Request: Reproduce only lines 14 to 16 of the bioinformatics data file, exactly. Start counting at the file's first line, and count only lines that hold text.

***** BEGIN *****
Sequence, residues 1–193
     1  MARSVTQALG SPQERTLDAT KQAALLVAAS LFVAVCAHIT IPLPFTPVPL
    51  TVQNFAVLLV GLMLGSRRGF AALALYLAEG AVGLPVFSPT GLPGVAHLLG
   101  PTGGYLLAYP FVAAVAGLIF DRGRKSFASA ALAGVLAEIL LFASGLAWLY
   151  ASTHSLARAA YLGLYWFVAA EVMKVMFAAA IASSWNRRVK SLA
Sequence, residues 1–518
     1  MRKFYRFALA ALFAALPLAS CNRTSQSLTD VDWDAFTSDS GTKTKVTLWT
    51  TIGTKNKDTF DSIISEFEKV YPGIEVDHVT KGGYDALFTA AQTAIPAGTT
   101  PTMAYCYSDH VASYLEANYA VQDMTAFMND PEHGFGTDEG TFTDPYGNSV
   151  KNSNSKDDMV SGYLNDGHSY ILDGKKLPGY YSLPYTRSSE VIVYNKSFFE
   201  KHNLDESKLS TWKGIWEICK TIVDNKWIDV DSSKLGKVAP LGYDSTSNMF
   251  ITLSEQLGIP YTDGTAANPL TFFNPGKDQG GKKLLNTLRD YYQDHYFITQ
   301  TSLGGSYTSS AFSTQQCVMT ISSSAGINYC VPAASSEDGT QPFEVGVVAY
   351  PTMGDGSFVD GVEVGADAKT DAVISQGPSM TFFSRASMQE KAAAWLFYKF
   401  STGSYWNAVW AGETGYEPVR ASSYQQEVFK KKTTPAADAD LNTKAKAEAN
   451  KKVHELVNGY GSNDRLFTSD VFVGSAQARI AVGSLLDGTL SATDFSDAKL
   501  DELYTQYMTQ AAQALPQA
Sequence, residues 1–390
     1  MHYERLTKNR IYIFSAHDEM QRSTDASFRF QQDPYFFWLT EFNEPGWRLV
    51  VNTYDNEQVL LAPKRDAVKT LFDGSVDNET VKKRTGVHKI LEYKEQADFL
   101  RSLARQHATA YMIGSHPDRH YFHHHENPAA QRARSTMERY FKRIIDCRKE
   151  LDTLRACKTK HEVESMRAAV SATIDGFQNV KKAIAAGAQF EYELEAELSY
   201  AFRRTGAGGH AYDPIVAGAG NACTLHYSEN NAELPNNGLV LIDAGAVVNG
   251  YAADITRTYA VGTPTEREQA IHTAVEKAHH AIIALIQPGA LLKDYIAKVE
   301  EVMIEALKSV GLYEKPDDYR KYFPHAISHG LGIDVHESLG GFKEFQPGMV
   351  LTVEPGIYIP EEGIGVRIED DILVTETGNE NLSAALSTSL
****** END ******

   351  PTMGDGSFVD GVEVGADAKT DAVISQGPSM TFFSRASMQE KAAAWLFYKF
   401  STGSYWNAVW AGETGYEPVR ASSYQQEVFK KKTTPAADAD LNTKAKAEAN
   451  KKVHELVNGY GSNDRLFTSD VFVGSAQARI AVGSLLDGTL SATDFSDAKL